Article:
Over half of millennials who said they had had a friends with benefits relationship said it evolved into a romantic relationship, compared with 41 percent of Gen Xers and 38 percent of baby boomers.
And some 40 percent of millennials said a platonic friendship had evolved into a romantic relationship, with nearly one-third of the 40 percent saying the romantic attachment grew into a serious, committed relationship.
Alan Kawahara, 27, and Harsha Royyuru, 26, met in the fall of 2009 when they started Syracuse University’s five-year architecture program and were thrown into the same intensive freshman design studio class that convened for four hours a day, three days a week.
They were soon part of the same close circle of friends, and though Ms. Royyuru recalls having “a pretty obvious crush on Alan right away,” they started dating only in the spring of the following year.
After graduation, when Mr. Kawahara landed a job in Boston and Ms. Royyuru found one in Kansas City, they kept the relationship going by flying back and forth between the two cities every six weeks to see each other. After two years, they were finally able to relocate to Los Angeles together.
Ms. Royyuru said that while living apart was challenging, “it was amazing for our personal growth, and for our relationship. It helped us figure out who we are as individuals.”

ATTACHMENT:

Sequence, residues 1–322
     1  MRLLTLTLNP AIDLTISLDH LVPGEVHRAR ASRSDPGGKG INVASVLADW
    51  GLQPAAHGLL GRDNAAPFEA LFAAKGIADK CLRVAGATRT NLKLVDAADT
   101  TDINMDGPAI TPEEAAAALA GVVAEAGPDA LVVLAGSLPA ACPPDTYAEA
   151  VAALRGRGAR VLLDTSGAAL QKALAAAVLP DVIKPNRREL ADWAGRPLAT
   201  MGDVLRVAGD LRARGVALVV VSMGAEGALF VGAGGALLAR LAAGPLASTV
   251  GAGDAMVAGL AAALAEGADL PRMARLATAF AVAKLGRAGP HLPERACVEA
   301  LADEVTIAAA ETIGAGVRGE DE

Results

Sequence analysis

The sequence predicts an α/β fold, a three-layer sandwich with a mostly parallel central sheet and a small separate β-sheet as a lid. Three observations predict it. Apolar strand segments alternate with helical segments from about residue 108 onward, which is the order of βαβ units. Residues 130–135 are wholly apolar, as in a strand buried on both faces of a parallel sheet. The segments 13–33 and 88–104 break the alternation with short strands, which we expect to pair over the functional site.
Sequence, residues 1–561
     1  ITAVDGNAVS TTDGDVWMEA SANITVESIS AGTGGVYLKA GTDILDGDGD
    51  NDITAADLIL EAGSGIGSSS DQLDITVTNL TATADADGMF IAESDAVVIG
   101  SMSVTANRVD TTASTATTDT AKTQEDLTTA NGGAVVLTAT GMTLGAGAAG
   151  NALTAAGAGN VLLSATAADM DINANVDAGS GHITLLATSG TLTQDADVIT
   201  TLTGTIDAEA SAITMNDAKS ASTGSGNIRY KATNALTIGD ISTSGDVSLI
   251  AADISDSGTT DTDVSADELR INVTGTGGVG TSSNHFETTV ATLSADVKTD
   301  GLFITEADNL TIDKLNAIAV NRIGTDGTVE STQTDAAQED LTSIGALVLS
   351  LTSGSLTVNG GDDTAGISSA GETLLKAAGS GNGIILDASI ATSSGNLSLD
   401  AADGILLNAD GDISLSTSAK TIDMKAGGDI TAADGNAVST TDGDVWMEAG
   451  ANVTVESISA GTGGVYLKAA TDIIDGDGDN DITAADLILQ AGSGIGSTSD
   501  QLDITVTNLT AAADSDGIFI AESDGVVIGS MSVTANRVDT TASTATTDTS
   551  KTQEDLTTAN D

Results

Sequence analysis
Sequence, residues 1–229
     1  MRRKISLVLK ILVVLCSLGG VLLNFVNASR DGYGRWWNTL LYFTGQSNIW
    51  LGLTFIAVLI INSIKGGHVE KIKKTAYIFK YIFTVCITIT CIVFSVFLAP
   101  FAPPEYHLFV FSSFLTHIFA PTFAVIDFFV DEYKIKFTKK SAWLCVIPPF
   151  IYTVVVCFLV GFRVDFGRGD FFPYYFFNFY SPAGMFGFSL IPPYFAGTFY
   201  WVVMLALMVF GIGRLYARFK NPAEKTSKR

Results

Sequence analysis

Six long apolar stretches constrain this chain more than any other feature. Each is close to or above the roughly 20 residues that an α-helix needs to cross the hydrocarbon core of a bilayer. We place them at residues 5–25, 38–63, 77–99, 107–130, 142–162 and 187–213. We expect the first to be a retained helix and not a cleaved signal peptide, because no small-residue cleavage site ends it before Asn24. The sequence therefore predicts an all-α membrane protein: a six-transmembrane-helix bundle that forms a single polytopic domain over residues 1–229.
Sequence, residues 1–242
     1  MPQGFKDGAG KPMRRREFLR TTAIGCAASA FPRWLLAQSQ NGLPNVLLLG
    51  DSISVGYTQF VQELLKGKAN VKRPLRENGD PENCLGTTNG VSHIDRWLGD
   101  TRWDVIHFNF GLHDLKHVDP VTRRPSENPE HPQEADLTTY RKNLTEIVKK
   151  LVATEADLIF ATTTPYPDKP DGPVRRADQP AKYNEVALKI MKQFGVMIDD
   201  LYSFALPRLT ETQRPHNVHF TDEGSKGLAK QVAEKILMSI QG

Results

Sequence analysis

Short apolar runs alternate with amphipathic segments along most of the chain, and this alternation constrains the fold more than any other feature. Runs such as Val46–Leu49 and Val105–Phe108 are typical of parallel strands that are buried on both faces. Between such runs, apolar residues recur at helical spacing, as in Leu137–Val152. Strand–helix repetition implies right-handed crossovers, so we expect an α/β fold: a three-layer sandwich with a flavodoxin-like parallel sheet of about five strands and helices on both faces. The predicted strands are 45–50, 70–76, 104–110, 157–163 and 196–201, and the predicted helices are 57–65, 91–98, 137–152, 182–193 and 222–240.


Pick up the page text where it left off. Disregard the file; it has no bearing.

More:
During a recent trip to London to mark their seventh anniversary together, Mr. Kawahara officially popped the question.
Now they’re planning a wedding that will draw from both Ms. Royyuru’s family’s Indian traditions and Mr. Kawahara’s Japanese-American traditions. But it will take a while, the two said.
“I’ve been telling my parents, ‘18 months minimum,’ ” Ms. Royyuru said. “They weren’t thrilled about it, but I’ve always had an independent streak.”
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Why More Millennials Are Choosing to Not Get Married
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Long ago, marriage was, for the most part, an economic arrangement. This later evolved into a way for people to express their love and commitment to each other. Marriage may be shifting again as Millennials (those born in the 1980s and 1990s) are either not marrying at all or marrying much later.
At this point in time, the median age at first marriage is 27 for women and 29 for men. This is up about 7 years since the 1960s and may be slowly climbing.
According to a recent report the Urban Institute, an unparalleled number of millennials will remain unmarried through age 40. Furthermore, the marriage rate is predicted to drop to 70 percent. This is around 10 – 20% lower than the last three generations.
In fact, a 2014 paper the Pew Research Center reports this is the biggest drop in the marriage rate in history.
Marriage offers several benefits: tax-related pluses, reduced lihood of poverty, economic security, and children do much better when raised in stable two-parent households. There have been numerous studies that demonstrate that men in particular benefit even more in other ways.
One of the primary reasons for these trends is that millennials are facing many challenges when it comes to having a firm economic foundation. They often view marriage as a “capstone” rather than “cornerstone” of one’s adult life. However, research shows that the capstone approach may, ironically, lead to worse preparation for marriage, resulting in less marital satisfaction.
A second possible reason is the discouragingly high divorce rate. This is a phenomenon that has ly touched their lives in a profound way. They read about it online, they are products of their own parent’s divorce and they have many friends with divorced parents.